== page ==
EXAMPLES | WORD ORIGIN noun the 13th letter of the Greek alphabet (Ν, ν). the consonant sound represented by this letter. Origin of nu 1 1885–90;
nun 2 noun U , [oo] /u/ , Thauin Nu 1907–1995, Burmese political leader: prime minister 1948–56, 1957–58, 1960–62. noun . Egyptian Religion oldest of the ancient Egyptian gods, personifying the primordial ocean from which the world was formed; father of Ra, the sun god.
Based on the Random House Unabridged Dictionary, © Random House, Inc. 2019
Examples from the Web for nus Contemporary Examples of nus Historical Examples of nus
nus (Mathias), the Hungarian, was a scare-name to the Turks.
He was king of the Ethiopians, and son of Titho´
nus and Aurora.
nus, al-um′ nus, n. one educated at a college is called an alum nus of it:—pl.
On les trouve abandonnés à sa porte,
nus comme des enfans nouveaunés, faute de membrane cutanée, ou même papyracée.
nus yoh fum de time yoh was a teenchy little baby, an' wasn't ole Mis' and yoah paw sas'fied wid me? British Dictionary definitions for nus abbreviation for (in Britain) National Union of Students noun the 13th letter in the Greek alphabet (Ν, ν), a consonant, transliterated as n Word Origin for nu
from Greek, of Semitic origin; compare
nun ² the internet domain name for noun U (uː), original name Thakin Nu. 1907–95, Burmese statesman and writer; prime minister (1948–56, 1957–58, 1960–62). He attempted to establish parliamentary democracy, but was ousted (1962) by Ne Win noun a female member of a religious order (sometimes capital) a variety of domestic fancy pigeon usually having a black-and-white plumage with a ridged peak or cowl of short white feathers Derived Forms nunlike, adjective Word Origin for nun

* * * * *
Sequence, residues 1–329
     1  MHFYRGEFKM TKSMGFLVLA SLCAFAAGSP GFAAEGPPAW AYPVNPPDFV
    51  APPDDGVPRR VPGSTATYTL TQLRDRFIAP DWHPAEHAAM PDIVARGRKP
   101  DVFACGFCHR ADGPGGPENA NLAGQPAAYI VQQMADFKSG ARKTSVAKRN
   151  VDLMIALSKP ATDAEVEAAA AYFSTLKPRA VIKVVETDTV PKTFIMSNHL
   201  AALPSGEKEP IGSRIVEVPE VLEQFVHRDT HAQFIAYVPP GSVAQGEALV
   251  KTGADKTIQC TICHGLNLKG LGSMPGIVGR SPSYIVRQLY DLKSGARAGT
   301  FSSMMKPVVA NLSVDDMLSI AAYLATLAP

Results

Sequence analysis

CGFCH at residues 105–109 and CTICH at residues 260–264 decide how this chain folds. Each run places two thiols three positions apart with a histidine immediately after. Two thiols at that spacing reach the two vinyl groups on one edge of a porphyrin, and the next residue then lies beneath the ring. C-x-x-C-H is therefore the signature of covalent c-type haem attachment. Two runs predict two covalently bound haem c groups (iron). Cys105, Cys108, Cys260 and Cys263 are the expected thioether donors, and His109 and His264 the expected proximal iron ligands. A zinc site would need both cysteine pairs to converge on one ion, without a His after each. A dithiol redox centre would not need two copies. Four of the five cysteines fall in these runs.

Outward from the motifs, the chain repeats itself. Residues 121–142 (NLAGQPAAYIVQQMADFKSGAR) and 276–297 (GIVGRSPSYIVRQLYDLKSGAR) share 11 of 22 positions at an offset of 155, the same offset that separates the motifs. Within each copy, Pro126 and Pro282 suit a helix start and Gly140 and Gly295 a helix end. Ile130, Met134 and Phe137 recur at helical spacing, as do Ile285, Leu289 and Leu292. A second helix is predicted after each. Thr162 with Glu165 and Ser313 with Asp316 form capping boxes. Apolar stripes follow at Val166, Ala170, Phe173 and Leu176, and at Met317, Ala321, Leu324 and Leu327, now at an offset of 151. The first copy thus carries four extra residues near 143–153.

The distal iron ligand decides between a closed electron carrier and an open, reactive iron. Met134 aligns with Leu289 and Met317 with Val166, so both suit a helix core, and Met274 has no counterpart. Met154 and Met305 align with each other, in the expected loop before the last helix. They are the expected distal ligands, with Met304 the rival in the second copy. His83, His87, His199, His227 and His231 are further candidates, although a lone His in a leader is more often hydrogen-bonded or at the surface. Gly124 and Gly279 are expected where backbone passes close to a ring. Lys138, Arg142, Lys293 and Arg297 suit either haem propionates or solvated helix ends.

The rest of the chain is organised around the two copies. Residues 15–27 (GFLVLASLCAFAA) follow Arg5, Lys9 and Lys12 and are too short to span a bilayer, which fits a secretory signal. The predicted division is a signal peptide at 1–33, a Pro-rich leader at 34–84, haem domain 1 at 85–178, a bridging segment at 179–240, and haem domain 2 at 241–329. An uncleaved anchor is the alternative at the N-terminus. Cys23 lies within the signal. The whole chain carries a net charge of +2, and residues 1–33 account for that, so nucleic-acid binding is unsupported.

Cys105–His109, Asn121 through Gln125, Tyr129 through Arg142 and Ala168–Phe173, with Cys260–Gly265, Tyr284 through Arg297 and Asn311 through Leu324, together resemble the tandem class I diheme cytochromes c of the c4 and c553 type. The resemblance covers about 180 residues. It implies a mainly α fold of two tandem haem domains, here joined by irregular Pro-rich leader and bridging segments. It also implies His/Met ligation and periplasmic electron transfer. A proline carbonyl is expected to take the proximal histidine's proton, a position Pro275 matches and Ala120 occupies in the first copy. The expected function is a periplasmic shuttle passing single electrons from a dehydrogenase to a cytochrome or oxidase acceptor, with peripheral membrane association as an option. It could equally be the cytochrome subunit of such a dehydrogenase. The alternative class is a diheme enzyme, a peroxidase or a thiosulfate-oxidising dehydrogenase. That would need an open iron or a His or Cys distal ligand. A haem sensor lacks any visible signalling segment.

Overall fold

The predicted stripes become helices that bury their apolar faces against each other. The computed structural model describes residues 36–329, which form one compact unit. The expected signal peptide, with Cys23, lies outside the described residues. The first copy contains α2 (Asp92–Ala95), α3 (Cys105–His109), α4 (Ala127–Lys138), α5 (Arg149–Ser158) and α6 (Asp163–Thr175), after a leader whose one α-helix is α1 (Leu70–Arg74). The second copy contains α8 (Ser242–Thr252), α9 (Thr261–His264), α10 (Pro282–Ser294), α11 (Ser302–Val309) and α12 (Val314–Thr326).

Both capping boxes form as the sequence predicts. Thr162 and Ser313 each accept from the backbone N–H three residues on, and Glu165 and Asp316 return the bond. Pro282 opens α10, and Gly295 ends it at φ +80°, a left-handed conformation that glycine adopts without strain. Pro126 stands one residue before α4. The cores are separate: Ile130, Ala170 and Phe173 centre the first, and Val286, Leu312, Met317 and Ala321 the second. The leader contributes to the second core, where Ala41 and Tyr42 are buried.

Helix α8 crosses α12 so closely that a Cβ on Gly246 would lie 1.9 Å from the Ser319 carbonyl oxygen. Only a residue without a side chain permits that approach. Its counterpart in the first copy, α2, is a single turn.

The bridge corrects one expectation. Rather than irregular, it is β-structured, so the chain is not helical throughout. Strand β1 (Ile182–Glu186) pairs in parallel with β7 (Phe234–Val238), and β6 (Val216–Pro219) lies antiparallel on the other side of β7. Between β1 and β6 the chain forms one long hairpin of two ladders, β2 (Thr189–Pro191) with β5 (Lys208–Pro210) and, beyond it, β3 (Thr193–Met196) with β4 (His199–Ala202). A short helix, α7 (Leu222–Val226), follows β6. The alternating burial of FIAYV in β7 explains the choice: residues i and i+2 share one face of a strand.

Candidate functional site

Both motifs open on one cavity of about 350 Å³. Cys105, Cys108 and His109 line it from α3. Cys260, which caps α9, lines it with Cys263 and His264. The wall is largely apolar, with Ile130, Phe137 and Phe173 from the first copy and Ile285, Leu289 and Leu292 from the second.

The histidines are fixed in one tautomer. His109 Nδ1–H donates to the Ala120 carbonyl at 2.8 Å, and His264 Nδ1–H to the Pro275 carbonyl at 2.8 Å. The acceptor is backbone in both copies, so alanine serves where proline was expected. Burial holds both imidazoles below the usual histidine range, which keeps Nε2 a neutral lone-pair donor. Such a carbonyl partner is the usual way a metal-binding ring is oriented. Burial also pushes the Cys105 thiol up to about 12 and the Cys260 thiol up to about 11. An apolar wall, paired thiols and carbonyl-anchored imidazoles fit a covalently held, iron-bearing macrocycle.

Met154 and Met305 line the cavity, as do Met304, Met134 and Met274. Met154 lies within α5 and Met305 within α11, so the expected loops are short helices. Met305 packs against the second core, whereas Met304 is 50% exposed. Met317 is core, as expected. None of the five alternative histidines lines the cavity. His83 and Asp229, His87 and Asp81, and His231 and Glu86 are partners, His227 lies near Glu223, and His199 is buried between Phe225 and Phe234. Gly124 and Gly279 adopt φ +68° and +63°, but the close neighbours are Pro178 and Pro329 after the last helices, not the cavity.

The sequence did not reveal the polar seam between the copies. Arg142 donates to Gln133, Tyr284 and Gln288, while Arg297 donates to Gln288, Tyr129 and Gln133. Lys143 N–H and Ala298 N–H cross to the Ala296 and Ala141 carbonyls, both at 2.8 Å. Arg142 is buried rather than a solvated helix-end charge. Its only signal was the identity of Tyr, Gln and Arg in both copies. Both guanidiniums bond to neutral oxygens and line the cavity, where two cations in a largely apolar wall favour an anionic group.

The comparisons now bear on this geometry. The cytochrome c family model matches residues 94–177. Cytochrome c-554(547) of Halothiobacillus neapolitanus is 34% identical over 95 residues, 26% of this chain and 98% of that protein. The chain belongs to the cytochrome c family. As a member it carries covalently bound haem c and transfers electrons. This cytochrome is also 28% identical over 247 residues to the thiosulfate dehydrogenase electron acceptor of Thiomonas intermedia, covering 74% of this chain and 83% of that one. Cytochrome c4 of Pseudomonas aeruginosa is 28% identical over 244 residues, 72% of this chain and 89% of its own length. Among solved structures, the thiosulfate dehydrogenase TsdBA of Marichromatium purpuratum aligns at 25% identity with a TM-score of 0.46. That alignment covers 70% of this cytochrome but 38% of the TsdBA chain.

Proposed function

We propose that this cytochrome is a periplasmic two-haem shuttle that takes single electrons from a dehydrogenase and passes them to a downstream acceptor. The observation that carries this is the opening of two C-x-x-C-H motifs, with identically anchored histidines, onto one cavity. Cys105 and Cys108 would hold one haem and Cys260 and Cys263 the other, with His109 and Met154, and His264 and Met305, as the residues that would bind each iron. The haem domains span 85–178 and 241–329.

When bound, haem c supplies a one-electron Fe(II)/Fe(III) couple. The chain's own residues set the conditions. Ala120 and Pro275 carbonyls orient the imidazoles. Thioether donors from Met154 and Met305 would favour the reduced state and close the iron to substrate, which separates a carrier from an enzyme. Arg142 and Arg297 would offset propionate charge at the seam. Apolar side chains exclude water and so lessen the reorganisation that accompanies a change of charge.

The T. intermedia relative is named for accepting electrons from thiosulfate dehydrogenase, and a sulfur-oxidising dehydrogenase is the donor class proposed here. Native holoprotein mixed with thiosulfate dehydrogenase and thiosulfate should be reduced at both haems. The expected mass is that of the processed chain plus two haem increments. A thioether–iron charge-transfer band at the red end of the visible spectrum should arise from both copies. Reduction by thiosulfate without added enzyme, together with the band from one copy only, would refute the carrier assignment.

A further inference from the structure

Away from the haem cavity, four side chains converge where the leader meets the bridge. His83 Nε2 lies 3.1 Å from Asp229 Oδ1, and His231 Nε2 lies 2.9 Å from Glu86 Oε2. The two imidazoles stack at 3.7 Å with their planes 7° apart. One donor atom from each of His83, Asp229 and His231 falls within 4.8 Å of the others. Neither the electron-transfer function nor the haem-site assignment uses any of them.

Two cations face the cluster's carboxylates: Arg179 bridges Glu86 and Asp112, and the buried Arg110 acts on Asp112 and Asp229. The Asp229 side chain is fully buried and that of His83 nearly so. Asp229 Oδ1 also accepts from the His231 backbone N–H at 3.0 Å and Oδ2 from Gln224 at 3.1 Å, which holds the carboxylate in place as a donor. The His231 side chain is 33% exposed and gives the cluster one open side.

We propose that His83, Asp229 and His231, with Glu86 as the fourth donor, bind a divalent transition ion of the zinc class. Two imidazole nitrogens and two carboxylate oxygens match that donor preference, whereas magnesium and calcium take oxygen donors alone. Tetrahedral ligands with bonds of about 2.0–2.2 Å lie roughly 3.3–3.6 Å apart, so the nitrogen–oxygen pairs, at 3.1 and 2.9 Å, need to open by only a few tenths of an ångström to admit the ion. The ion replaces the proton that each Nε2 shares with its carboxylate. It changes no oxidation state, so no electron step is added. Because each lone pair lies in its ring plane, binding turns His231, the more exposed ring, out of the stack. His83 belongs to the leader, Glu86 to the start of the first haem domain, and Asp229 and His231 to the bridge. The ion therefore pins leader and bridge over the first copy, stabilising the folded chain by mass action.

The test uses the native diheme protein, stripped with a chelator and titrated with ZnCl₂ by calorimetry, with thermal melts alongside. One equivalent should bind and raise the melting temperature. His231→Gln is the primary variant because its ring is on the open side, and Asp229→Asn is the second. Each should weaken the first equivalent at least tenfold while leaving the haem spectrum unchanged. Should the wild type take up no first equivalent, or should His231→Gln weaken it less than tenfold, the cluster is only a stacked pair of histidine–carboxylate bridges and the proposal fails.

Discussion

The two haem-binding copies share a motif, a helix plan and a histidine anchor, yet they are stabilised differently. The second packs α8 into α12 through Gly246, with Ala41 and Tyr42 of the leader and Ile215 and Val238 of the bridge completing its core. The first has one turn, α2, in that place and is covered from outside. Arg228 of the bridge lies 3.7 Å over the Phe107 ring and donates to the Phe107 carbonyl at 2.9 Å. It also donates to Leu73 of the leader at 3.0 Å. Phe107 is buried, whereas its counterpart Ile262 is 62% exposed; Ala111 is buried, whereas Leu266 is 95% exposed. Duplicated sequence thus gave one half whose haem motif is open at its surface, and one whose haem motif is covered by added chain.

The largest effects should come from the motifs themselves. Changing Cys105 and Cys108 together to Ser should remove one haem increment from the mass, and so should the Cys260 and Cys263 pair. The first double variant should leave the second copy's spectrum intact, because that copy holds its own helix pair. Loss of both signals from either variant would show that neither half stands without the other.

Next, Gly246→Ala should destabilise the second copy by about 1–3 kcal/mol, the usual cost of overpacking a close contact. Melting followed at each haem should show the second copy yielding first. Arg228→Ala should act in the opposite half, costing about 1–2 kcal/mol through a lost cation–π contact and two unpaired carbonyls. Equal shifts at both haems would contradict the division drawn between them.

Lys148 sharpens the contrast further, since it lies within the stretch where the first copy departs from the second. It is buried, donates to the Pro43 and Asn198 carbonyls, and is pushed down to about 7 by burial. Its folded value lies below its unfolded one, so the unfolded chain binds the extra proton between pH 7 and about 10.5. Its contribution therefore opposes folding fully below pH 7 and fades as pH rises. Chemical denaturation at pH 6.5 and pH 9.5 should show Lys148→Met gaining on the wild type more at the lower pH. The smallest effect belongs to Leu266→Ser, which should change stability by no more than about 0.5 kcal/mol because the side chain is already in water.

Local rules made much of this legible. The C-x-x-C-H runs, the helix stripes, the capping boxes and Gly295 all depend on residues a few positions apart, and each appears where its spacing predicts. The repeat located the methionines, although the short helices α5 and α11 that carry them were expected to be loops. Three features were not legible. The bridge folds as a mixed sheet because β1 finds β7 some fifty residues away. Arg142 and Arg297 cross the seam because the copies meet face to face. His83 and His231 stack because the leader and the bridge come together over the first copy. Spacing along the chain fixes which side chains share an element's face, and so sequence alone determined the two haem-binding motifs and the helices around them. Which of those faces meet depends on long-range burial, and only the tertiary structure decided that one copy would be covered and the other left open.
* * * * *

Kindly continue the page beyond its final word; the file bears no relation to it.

nunne, from Church Latin nonna, from Late Latin: form of address used for an elderly woman noun the 14th letter in the Hebrew alphabet (נ or, at the end of a word, ן), transliterated as n
Collins English Dictionary - Complete & Unabridged 2012 Digital Edition
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Word Origin and History for nus n.
nunne "nun, vestal, pagan priestess, woman devoted to religious life under vows," from Late Latin nonna "nun, tutor," originally (along with masc. nonnus) a term of address to elderly persons, perhaps from children's speech, reminiscent of nana (cf. Sanskrit nona, Persian nana "mother," Greek nanna "aunt," Serbo-Croatian nena "mother," Italian nonna, Welsh nain "grandmother;" see nanny).
Online Etymology Dictionary, © 2010 Douglas Harper
n. The 13th letter of the Greek alphabet.
The American Heritage® Stedman's Medical Dictionary
Copyright © 2002, 2001, 1995 by Houghton Mifflin Company. Published by Houghton Mifflin Company.
A female member of a
religious order, living in a convent, whose work is confined to the convent. The term is also applied broadly to other female members of religious orders (“sisters”) who often live outside their convents and work as teachers, nurses, social workers, or administrators.
The New Dictionary of Cultural Literacy, Third Edition
Copyright © 2005 by Houghton Mifflin Harcourt Publishing Company. Published by Houghton Mifflin Harcourt Publishing Company. All rights reserved.